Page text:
In a past post we discussed the Bowen technique, which is a gentle, non-invasive remedial therapy that offers effective treatment for a wide range of ailments.
Recently, our Bowen practitioner Kate Weeks heard from a client that she treated for sciatica in the early months of this year. Sciatica is caused by an impingement of the sciatic nerve, usually because there is pressure from a herniated disc at the origin of the nerve in the lower back. The sciatic nerve travels from the lower back, through the back of the leg where it splits into two behind the knee, travelling down either side of the calf. Pain can be felt anywhere along the nerve, and where pain is felt usually indicates where the nerve is compromised in the lower back.
Without getting too technical, we wanted to illustrate how important it is to look at the body in a holistic way when treating pain. Kate’s client presented with a pain in the lower leg, rather than in the back and had been diagnosed by his GP and prescribed heavy duty pain killers. Kate says:
“When presented with a case of sciatica, or in fact any muscular skeletal pain, I always ask the question ‘why?’. Why is the lower back compromised? Where are the tensional pulls coming from – is it the hamstrings pulling the pelvis or a jaw or neck problem that is holding the head out of alignment and therefore forcing the body to compensate elsewhere? Is a shoulder problem creating a twist through the torso? How much stress is the client experiencing at the moment?”
Bowen examines this picture of the body as a whole and mild cases can resolve relatively quickly as tension leaves the body and joints re-align., but in more serious cases it can take some time for the inflammation in the nerve to go down: Kate again:
” I have found that although after an initial set of 3-4 treatments, the client will still be experiencing nerve pain, about a month after the treatments the client reports a reduction in pain that continues until they are pain free or at a point where medication can be stopped and they can begin to exercise. I am not against steroid injections or surgery as they have worked very well for some, and in some cases the damage to the nerve or problem in the lower back is so severe that this is the only course of action available. However, this approach doesn’t tend to establish the ‘why?’.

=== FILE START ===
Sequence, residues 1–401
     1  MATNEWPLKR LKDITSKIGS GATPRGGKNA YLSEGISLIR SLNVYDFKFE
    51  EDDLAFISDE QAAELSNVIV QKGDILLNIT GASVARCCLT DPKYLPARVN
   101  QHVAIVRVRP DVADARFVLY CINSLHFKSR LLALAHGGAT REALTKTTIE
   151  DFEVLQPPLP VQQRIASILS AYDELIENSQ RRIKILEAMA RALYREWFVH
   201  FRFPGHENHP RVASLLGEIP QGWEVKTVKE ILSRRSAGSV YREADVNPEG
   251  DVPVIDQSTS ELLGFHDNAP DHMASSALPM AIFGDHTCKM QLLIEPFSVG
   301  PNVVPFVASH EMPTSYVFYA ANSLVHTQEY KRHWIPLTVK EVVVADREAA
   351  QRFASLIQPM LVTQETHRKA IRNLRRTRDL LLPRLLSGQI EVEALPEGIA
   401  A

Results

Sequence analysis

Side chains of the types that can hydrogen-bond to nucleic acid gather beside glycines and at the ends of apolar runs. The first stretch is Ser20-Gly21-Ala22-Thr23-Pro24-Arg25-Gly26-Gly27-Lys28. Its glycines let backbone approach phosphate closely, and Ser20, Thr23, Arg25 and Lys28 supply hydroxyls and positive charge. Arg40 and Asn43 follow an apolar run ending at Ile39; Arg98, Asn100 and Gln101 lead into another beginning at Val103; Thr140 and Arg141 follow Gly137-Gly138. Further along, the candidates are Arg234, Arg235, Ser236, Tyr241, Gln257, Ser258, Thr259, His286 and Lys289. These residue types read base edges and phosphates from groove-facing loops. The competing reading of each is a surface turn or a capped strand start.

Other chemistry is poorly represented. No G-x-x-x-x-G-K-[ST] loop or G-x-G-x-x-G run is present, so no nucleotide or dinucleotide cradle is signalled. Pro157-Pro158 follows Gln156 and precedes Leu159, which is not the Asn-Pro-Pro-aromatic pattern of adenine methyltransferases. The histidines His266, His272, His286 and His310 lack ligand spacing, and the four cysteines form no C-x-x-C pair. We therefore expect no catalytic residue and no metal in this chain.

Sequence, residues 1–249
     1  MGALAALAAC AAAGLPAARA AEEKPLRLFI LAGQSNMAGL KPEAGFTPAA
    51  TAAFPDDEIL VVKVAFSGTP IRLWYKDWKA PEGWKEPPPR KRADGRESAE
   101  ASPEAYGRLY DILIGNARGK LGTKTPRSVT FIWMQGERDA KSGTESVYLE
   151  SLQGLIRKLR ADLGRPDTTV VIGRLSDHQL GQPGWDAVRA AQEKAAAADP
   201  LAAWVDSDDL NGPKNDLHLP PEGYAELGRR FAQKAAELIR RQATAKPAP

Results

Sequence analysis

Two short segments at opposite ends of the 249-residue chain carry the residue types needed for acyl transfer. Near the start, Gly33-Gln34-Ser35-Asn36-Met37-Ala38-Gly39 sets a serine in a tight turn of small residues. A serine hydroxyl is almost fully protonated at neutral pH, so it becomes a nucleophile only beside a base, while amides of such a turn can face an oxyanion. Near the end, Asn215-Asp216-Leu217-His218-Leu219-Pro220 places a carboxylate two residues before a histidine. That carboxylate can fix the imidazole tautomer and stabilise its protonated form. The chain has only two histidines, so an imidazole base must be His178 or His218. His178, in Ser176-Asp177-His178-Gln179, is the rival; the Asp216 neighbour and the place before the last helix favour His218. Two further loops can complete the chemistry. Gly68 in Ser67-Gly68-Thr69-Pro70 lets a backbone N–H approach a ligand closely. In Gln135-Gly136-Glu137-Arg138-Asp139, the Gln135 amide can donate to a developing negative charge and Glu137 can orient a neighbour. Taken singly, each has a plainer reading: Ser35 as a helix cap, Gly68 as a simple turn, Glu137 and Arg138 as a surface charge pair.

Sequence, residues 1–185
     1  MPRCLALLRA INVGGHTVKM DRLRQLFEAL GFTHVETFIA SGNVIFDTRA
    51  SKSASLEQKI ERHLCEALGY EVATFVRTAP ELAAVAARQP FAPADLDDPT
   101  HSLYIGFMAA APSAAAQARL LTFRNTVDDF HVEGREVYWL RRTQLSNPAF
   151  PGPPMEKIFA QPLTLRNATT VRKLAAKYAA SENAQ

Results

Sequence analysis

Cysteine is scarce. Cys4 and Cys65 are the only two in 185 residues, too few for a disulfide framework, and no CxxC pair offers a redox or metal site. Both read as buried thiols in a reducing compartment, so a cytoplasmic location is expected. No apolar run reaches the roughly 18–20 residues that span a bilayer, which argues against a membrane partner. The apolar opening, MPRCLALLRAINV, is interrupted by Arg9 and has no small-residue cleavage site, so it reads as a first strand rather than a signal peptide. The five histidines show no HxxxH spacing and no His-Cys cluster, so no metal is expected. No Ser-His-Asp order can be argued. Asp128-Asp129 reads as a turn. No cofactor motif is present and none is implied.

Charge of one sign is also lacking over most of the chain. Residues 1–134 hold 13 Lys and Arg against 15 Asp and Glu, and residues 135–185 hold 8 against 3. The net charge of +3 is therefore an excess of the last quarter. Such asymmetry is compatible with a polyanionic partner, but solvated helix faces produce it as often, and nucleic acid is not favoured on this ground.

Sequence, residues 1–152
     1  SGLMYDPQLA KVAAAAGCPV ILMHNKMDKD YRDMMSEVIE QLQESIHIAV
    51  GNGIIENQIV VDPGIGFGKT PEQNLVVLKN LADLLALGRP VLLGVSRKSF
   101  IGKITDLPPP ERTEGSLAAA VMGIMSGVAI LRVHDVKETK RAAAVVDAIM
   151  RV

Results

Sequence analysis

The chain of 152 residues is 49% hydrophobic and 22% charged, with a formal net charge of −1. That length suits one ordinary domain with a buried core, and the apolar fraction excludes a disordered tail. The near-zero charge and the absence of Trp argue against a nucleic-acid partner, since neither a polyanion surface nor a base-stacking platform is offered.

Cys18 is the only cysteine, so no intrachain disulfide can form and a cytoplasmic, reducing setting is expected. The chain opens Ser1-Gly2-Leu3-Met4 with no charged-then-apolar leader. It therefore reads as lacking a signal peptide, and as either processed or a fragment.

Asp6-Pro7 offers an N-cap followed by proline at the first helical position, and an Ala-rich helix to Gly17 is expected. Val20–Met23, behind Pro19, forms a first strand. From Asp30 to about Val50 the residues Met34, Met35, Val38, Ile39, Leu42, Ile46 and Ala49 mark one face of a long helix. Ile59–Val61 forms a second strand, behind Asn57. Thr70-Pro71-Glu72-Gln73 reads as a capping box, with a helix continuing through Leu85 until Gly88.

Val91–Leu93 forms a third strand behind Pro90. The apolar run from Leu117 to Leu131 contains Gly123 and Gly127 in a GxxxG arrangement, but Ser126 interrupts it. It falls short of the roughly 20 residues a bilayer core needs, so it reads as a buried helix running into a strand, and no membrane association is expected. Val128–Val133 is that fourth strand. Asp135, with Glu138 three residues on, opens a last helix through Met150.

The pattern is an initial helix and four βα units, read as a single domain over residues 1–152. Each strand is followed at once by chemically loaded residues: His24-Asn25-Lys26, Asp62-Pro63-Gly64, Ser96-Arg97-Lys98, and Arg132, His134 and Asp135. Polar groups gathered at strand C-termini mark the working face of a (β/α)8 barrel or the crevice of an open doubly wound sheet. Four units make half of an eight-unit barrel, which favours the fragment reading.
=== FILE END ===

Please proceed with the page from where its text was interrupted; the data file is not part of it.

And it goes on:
Kate’s client was initially cynical about using a complementary therapy but was relieved to find that Kate was keen to work alongside the treatment recommended by his GP.
“I considered a number of alternative treatments but was persuaded to give the Bowen Method a trial. I attended 4 sessions with Kate over about 6 weeks which immediately eased associated tension and stress in my back and neck which had slowly developed over the past 4 months. Kate had a complete understanding of the physiological problem and we talked through a treatment programme.
About 2 weeks after my last session the pain in my leg eased and now 2 months on I am pain free with only mild aches and some pins and needles.”
So do consider Bowen when you can’t find relief from the pain of sciatica via your GP or hospital. Obviously we would love you to come and see Kate at The Terrace, but wherever you are as you read this, do look up your local practitioner and find out more.